Fuel Tanks are universal and will require drilling into your bed, truck frame or both. Tank manufacturers don’t build tanks to fit by truck model so mapping out the area you are designating for your Transfer or Auxiliary Tank is critical to its ease of use and your safety.
- Since nearly all bed mounted tanks are designed to fit between the bed rails that is the first measurement to take ("A" on the diagram). Allow a few inches on each side for access to the mounting plates. As an extra precaution, taking the same measurement on the bed floor ("A/B" on the diagram) will reveal if your bed tapers in at the sides as it meets the bulkhead.
- Next dimension is the distance from the bulkhead ("B" on the diagram) to the wheel wells. Again, at least 5" to 6" free space should be open between the bulkhead and the tank. You will need to be able to access the mounting plates, a transfer tank's fittings for drainage and, on auxiliary tanks, access to connecting hoses and shut-off valves.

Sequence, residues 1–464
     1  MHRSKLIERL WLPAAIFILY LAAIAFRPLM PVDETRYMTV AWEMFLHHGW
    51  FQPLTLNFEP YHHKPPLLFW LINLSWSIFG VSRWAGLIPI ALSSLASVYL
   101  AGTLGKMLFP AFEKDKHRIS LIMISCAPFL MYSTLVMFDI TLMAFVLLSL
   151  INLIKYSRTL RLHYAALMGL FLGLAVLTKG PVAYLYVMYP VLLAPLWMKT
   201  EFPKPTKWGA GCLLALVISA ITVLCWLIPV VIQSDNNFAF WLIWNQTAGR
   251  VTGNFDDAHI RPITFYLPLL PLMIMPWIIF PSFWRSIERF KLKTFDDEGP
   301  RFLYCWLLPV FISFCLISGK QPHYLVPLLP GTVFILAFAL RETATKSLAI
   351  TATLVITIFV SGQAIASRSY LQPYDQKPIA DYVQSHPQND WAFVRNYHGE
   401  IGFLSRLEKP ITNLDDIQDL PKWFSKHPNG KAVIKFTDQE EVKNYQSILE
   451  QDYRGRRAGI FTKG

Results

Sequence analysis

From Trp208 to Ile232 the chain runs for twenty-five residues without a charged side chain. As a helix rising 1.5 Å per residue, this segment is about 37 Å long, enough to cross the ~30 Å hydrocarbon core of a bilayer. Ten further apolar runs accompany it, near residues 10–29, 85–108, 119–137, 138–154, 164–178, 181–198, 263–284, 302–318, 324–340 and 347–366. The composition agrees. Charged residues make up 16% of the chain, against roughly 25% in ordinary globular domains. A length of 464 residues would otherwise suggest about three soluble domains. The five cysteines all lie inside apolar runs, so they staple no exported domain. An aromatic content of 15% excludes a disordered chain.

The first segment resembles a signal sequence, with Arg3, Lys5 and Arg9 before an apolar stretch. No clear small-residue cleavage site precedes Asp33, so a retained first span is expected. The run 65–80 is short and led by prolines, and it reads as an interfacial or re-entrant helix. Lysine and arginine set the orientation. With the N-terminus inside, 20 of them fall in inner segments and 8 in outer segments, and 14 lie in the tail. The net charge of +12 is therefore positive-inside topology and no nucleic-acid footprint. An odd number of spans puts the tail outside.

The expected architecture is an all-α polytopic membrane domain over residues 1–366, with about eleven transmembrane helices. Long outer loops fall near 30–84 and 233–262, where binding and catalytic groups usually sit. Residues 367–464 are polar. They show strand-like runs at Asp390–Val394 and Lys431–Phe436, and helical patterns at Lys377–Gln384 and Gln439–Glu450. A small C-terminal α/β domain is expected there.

- The distance from the bed floor to the top of your bed rail ("C" on the diagram) is critical if your intention is to keep the tank covered with a tonneau cover. When considering the height of your tank remember to add 2.5" for the cap and its mounting bung and 8"-10" for a transfer pump. Those dimensions must be added to the listed tank height.
- On shorter bed trucks, a tank with a notched or tapered bottom may be the best choice. If so, then the height of your wheel well needs to be considered ("D" on the diagram).
- If you are towing with a 5th wheel or gooseneck hitch, placement of the hitch and the potential arc of the trailer needs to be considered. Wedge and 'L' Shaped tanks are ideal for use with bed mounted hitches.